"Preschool for All Act", Rob Reiner, and the government targeting 4-year-olds

In June 2006, California will vote on Rob Reiner's scheme to establish voluntary preschool. Previously we offered "First 5 California": Yet another illegal immigration magnet, and here are a few more interesting links:

Why Californians Should Vote NO On "Preschool-For-All" in June 2006. That's from a homeschooling group, but they have 15 reasons worthy of your consideration.

"Will Universal Preschool Give All Kids a Head Start?"
...Critics wonder why billions should be tossed at expanding a school system that is so grossly failing the children currently in its care. Both sides agree: universal preschool involves increasing government's "parental" role regarding children. It involves a new bureaucracy that focuses on 4-year-olds...

Reiner's campaign may also serve as a model on how to turn universal preschool advocacy into governmental reality. In 1997, Reiner founded the I Am Your Child Foundation (now Parents Action for Children) to fight "for issues such as early education." In 1998, Reiner campaigned successfully for Proposition 10, a ballot initiative to tax tobacco products in order to fund preschool programs.

That same year, a California Department of Education report called for a half-day of preschool for every 3 or 4-year-old by 2008. Two bills before the 1998 state legislature unsuccessfully attempted to establish the system. By 2004, Reiner and the California Teachers Association had qualified a universal preschool initiative for the ballot but ultimately withdrew it in a joint statement.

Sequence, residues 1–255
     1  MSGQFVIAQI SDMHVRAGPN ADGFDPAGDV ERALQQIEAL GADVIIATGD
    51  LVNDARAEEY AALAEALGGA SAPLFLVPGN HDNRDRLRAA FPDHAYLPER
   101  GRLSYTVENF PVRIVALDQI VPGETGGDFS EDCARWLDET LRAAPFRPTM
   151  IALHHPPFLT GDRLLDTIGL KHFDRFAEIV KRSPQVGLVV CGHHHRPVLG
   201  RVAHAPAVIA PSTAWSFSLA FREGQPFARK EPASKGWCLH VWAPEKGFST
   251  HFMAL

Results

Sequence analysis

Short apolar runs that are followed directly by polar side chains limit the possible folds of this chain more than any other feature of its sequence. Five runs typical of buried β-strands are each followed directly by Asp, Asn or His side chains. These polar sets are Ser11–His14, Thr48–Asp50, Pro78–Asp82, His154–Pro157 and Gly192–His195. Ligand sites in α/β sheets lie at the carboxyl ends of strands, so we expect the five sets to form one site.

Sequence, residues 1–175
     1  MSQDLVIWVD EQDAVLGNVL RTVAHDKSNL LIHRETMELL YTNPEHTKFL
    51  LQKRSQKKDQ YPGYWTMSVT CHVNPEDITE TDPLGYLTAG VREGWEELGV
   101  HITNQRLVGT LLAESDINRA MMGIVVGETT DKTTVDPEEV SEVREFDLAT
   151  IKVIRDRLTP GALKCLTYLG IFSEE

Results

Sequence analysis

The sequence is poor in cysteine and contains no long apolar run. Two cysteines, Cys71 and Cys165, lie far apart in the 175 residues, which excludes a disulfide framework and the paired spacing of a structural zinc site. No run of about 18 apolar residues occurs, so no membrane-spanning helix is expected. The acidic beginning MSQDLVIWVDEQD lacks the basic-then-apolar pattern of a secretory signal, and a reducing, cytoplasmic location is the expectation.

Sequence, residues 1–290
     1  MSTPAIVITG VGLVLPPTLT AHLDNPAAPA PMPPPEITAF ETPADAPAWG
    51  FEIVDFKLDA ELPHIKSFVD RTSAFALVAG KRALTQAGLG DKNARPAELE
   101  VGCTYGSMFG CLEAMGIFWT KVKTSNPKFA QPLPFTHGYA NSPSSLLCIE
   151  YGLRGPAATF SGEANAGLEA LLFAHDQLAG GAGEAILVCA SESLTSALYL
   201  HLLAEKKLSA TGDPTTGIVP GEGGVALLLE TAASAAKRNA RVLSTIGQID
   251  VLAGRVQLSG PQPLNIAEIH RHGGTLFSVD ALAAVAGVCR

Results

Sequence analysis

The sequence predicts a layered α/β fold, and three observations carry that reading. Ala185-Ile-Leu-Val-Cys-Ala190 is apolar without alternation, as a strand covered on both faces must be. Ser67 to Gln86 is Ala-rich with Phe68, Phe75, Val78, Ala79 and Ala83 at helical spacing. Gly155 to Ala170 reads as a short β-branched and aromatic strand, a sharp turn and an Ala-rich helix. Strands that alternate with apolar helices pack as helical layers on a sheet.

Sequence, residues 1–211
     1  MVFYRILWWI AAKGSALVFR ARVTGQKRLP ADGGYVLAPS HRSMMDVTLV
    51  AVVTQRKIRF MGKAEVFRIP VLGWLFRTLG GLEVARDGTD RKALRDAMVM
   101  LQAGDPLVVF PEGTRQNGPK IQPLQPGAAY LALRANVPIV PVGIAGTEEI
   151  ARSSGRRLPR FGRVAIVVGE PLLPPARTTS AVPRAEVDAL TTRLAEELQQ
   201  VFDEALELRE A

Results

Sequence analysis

In short, California has a long history of activists working in concert with various bureaucracies in order to expand both the reach and the funding of the CDE.

As usual, statistics and studies have been flashed in support...
Read the rest of the article, because those statistics - which you might have heard on the radio or on TV - seem to be based on rather questionable studies. Speaking of which, the Mercury News pimps the scheme in "Study supports measure's claims". Only in the seventh out of ninth paragraph do we get the other side:
Critics, including researchers at Princeton University and the Brookings Institution, have raised concerns about the Chicago Child-Parent Centers study, in part because of its small sample size. Others, including Lance Izumi of the Pacific Research Institute, question whether a targeted, relatively small Chicago study can be adequately extrapolated for a state as large, and as diverse, as California.
But, wait, it gets worse. Jill Tucker from the Daily Review offers "Study shows free preschool changes kids' lives forever/Experts say universal program is big investment with big returns". It contains no negative information whatsoever. Now, given the headline and the content, what do we normally call things like that?


Could you amplify for me the "That's from a homeschooling group, but..." of this link. Someone not familiar with the concept of educating one's children at home might interpret it as a disqualifying qualifier. Thank you.

[That note's there for two main reasons: 1. pointing out that they have their own agenda. 2. the homeschooling concept has been somewhat marginalized by the media and I don't know enough about it to say if that's in any way accurate or not. -- LW]